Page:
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The Debian/Ubuntu packages from deb.torproject.org[docs] do not work on the Raspberry Pi when running Raspbian:

    $ tor --version
    Illegal instruction

Why, and how can I still run Tor versions newer than what ships with Raspbian?

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4 Answers 4

up vote 13 down vote accepted

The issue

The packages we build for deb.tpo are compiled for various Debian and Ubuntu architectures. These currently are amd64, i386 (x86-64 and x86), and two arm ports: armel and armhf.

Arm CPUs come in different versions, and newer versions generally have more features. The arm ports of Debian differ in what kind of CPU they need as a minimum. In particular, the armhf port needs at least ARMv7.

The arm CPU shipped in the Raspberry Pi is an ARMv6 CPU. As such, packages built for Debian's armhf port do not, in general, work on Raspberry Pi systems. Packages compiled for Debian's older arm port, armel, would work on the Raspberry Pi.

Unfortunately however, Raspbian, a system based on Debian but built for the Raspberry Pi, still decided to call their architecture armhf, even if they can't run Debian armhf binaries. This means two things if you run Raspbian:

  • You can't install the packages we built for armel and that would work on your hardware, at least not easily[1].
  • The packages we built for Debian's armhf will install cleanly -- after all, they say they are for the same architecture as the host -- but then they will not work.


If you want to run newer Tor versions than are available from the Raspbian folks, you will have to build them yourself.

You can either build it from the source tarball like a lot of other Unix/Linux software and install it locally.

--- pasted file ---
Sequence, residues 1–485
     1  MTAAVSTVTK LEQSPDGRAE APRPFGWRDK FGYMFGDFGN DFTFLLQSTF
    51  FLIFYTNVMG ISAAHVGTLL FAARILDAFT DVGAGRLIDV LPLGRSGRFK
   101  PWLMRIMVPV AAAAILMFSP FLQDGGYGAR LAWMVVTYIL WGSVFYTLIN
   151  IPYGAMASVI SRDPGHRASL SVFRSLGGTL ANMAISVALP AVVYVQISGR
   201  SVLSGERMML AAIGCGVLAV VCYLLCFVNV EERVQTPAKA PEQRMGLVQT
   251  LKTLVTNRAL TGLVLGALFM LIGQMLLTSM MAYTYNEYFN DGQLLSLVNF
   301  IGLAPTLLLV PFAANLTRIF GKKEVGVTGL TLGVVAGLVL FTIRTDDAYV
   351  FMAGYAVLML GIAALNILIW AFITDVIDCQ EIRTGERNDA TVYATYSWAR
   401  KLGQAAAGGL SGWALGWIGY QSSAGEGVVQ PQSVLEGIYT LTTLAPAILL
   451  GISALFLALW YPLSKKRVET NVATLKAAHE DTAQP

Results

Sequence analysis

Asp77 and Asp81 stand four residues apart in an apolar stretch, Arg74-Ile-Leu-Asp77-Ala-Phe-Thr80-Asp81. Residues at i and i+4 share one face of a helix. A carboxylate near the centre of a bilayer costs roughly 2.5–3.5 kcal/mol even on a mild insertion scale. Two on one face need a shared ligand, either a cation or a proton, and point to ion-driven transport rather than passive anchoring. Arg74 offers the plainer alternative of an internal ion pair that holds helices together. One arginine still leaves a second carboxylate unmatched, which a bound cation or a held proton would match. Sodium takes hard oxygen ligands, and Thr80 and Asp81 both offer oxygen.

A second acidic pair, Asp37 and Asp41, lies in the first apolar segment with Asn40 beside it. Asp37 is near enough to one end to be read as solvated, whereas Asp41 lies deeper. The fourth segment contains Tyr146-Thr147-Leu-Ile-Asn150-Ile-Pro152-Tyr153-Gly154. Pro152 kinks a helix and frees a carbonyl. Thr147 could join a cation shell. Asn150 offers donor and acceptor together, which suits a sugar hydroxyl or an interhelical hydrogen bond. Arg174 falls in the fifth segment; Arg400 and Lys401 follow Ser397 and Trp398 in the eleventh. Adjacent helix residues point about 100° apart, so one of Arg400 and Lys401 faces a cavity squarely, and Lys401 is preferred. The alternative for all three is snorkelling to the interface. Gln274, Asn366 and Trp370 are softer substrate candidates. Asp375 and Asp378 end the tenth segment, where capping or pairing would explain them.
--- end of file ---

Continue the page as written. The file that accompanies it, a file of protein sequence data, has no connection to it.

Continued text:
The better option might be to build your own binary Debian packages using the source packages that we put up on deb.tpo. This means you will end up with nice Debian packages that you can install using dpkg and that integrate well in your current system.

To build such packages, follow the documentation on Tor's page about Debian packages. It's a few easy steps, good luck!

[1]: While the binaries built for armel would work on your hardware, they would need all the libraries they depend on built for armel as well. That is, you probably would need an all-armel system or a chroot. Hence "not easily".

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This info seems obsolete. On the 'Pi:

sudo apt-get install tor

...now results in a working install. (Of course, you must appropriately edit torrc and then restart the service.)

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OP is trying to run a more recent version than in the repos. –  Cammy_the_block Jun 10 '14 at 23:43

For those looking for binary downloads, see https://github.com/gordon-morehouse/cipollini/tree/master/raspbian_packages with the appropriate caveat emptor about installing binary software from a dude you don't know (me) on the Internet.

I don't have deterministic builds going for Raspbian packages yet, so these are hand-built straight from the source packages using the method described on the Tor Project web site, then I sign them with my GPG key. I'm fairly active on the mailing lists, so, that's what you have to work on for trust. :)

Otherwise, yep, you're gonna be compiling 'em yourself - takes about 40 min on my 900MHz Pis.

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I found a complete tutorial for Raspbian with prebuilt binaries for the latest version. Also, full instructions for building from source are provided. You can catch them here: http://unsuspectingbit.com/tutorial-private-anonymizing-proxy-raspberry-pi-tor-based/

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Download prebuilt tor binaries (including mine, which I haven't been keeping up to date) at your own risk. –  Gordon Morehouse Dec 18 '14 at 21:54

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